Can't resist posting my homily from today’s wedding of Lydia Shives and Robert Shyleyko. Longest wedding homily ever given, but I blame their wonderful choice of readings. Lydia is a nurse and Bobby a doctor, so I thought I could get away with talking about medical matters (even though I wasn’t about to try pronouncing sphygmomanometer!) Their obvious commitment to the faith made it easy to speak from the heart…
Not because the bride and groom weren’t a lovely couple, but because I was wearing something only a doctor could love: an automatic blood pressure monitor. Poorly hidden under layers of vestments was a machine that beeped and inflated a blood pressure cuff every half hour for the 24 hours I was hooked up to it.
I asked the clinic if I could take it off, but the nurse gave me that look reserved for seniors and said “no, because you wouldn’t be able to put it back on properly.”
It was a highly uncomfortable situation as I tried to finish the ceremony before the darn thing was due to go off again. I failed, producing a big grin from the groom as it inflated during the Our Father.
Under those circumstances, I felt I had to say something.
And what I said was this: maybe God’s trying to tell us something! This device—ask the groom later for the proper name, which is harder to spell than Shyleyko—measures your health by putting pressure on your arm. Under pressure, the veins (or arteries—I gave up my hopes for medical school when I saw my marks in grade nine science) disclose important information.
The same general principal works in marriage. When everything is going along smoothly, when life is free of worry or disagreement, we may think our relationships are perfect. But that’s fair-weather sailing. The real proof of married love comes under pressure, when you weather storms and rely on the grace of God rather than your feelings.
How do we live with grace under pressure? St. Paul spells it out for us in a one-word formula: “Rejoice!” Think about it for a moment—you don’t need to tell happy people to rejoice. You don’t need to tell carefree people not to worry. You don’t offer peace to those who are calm and serene.
The apostle knows what he’s talking about. He knows what it is to be well-fed, and he knows what it is to be hungry; he’s been rich and he’s been poor. But his attitude remained the same, rooted in the peace of Christ. Under pressure, his faith did not falter.
The readings you have chosen are, quite frankly, the best of all possible choices. But Paul’s words offer more than inspiration on this happy day: they are a program for life. The famous Protestant preacher Norman Vincent Peale made a whole career of repackaging that reading in practical terms: his book The Power of Positive Thinking sold five million copies.
To fill your hearts every morning with positive affirmations of faith, hope and love, to live according to the Christian teachings you have learned and received and heard and seen in your parents and other role models, is to be assured that the God of peace will be with you. By cultivating an attitude of gratitude you can face life challenges together, but not only together—with God, the only source of the peace that surpasses all understanding.
I could stop there; perhaps I should. But since you’ve come all the way from Calgary I feel it’s my duty to add two more things.
The first is that pressure also tests the strength of our relationship with the Church. Our lives as Catholics have something in common with marriage, as St. Paul points out somewhere else. It’s not just at home that we have ups and downs; the Church—whether nationally, internationally, or in the parish—can try our patience and lead us to wonder whether it’s worth hanging in.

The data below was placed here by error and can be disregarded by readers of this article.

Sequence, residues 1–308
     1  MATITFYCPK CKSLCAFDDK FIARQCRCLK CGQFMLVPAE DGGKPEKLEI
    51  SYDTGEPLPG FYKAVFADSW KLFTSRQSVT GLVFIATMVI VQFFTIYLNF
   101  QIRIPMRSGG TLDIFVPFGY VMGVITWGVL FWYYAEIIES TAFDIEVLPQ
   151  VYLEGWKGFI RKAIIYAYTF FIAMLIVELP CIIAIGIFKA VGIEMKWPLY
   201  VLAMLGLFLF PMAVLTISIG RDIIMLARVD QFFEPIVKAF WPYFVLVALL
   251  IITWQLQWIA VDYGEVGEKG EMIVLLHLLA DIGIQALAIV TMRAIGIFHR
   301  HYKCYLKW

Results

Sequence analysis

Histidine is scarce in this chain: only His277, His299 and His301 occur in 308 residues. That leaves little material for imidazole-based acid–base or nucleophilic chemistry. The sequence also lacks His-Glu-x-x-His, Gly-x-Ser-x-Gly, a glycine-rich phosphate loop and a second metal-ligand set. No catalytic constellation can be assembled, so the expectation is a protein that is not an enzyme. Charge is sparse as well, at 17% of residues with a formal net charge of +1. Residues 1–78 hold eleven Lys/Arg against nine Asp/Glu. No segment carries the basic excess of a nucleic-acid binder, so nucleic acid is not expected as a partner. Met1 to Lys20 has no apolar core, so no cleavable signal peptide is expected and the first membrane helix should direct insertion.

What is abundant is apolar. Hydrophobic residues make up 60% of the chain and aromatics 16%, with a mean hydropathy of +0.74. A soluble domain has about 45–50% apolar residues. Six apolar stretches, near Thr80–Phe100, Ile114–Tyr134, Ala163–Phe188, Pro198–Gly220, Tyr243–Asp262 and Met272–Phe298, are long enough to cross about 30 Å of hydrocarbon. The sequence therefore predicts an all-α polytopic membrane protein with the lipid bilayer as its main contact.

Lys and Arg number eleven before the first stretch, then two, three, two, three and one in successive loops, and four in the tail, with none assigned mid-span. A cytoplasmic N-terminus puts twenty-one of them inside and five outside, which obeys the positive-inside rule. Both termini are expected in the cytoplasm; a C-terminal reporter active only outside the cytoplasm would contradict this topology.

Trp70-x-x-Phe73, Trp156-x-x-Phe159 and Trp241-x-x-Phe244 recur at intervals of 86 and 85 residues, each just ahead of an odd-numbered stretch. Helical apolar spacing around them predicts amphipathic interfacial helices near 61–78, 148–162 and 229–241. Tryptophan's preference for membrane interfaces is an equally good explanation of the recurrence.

The first reading, from the Acts of the Apostles, tells the story of the earliest Christian community, right after the Ascension of Christ: “The whole group of those who believed were of one heart and soul, and no one claimed private ownership of any possessions, but everything they owned was held in common.”
Someday, biblical archaeologists will find the missing page of the manuscript, where it adds “This lasted for about six weeks.”
The rest of the story appears in Paul’s letters, which are full of accounts of friction, misunderstanding, and human sinfulness. But he, and generations after him, rejoiced in the good he found in the Church and recognized the radical holiness that human weakness cannot destroy.
So when your parish or your pastor or a choir that’s nothing like this wonderful group you have brought here today makes you want to become a sun-worshipper rather than a Christian, do not worry. The Lord is near.
Finally, there will be times when pressure will test the state of your relationship with God. It’s well known that God allows difficult times in our friendship with him. After a long period of dryness, St. Teresa of Avila received a vision of Jesus. She asked why he had allowed the darkness. When Jesus said “This is how I treat my friends,” she is said to have replied “Well, that’s why you have so few!”
If God ever seems more distant from you than he is today, the first thing to do is made clear in the psalm you chose: wait for him. Trust in his holy name. Wait for the fog to lift that obscures the Lord.
And if following him ever seems more than you can manage, remember the Gospel you chose for this day: the wedding feast of Cana. Know that Mary, the mother of Jesus, is aware of your needs and will make them known to her son.
And then, with confidence and trust, follow her advice: “Do whatever he tells you.” Live as disciples, not churchgoers, and all that is promised you today will be richly fulfilled through the years of your married life.